Ross Clark

Has the Bank of England given up on its duty?

Has the Bank of England given up on its duty?
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Has the Bank of England’s Monetary Policy Committee quietly excused itself from its duty of keeping inflation down: namely, keeping the Consumer Prices Index (CPI) close to a 2 per cent target? I ask because the minutes of its September meeting, released today, show little inclination to raise rates from their historic low of 0.1 percent, even though it predicts that inflation will rise above 4 per cent and stay there at least into the second quarter of 2022. 

You can argue that inflation isn’t everything, that growth matters more and that monetary policy should not obsess about short-term targets. But surely the whole purpose of the MPC, as set up by Gordon Brown in 1997, was to stick to this narrow objective of being inflation within a narrow band – all else was politics and therefore the job of the Chancellor, not an unelected body of bankers and economists. If the Chancellor wanted more growth he had the option of changing the MPC’s target – it wasn’t the MPC’s role to decide that controlling inflation should come second to other economic objectives.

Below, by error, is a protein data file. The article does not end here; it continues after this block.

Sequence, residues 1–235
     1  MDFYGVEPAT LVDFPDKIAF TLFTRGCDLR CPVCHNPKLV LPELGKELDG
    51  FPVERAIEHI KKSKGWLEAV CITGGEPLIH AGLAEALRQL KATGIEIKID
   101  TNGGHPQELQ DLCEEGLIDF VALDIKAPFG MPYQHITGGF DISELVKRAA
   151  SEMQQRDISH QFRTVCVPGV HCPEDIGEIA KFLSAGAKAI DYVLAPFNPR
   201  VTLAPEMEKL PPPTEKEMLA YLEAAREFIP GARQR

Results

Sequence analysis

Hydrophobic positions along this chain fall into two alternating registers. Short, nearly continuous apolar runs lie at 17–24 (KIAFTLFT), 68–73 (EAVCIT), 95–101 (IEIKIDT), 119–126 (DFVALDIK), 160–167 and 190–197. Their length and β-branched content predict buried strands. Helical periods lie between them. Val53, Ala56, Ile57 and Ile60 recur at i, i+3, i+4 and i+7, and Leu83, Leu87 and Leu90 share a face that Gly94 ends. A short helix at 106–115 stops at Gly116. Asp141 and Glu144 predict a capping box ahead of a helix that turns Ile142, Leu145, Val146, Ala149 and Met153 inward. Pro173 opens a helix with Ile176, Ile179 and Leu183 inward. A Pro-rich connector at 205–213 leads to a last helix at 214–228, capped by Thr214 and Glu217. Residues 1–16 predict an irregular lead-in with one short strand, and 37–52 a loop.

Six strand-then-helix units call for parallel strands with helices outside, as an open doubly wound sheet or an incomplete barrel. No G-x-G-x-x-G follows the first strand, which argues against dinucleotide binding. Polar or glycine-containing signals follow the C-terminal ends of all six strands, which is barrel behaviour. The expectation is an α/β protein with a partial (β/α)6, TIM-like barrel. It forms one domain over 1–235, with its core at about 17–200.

The Governor of the Bank of England and chairman of the MPC were meant to be obliged to write to the Chancellor to explain why inflation had overshot or undershot their target by more than one percent. But there was no hint of shame in the letter just written by Andrew Bailey after a higher-than-expected rise in CPI to 3.2 percent in August. On the contrary, he cheerfully admitted that inflation would overshoot the MPC’s target for the next year. The committee has refrained from acting, however, on the grounds that cost pressures in the global economy are ‘transitory’.

The MPC minutes justify its inaction on interest rates by stating:

The MPC’s remit is clear that the inflation target applies at all times, reflecting the primacy of price stability in the UK monetary policy framework. The framework also recognises that there will be occasions when inflation will depart from the target as a result of shocks and disturbances. 

The last sentence is the get-out cause – it has awarded itself the right to tolerate above-target inflation so long as it can argue that inflationary pressures are the result of a ‘shock’ or ‘disturbance’. That could encompass a pretty wide set of events. Indeed, does history record any episode of inflation that was not caused by some kind of shock or disturbance?

Over the years the MPC seems to have evolved into a Committee for Leaving Interest Rates Alone or Occasionally Lowering Them. But it has gained one other job since its inception 24 years ago: it now decides on quantitative easing – or printing money in plain English. That was an emergency measure introduced in the depths of the 2008/09 crisis but which has never quite gone away – and shows little sign of doing so. This month was no exception. In spite of a recovering economy, only two members of the MPC voted to end the latest round of QE early, and the other seven voted to maintain it. Might we conclude that the Bank has simply given up?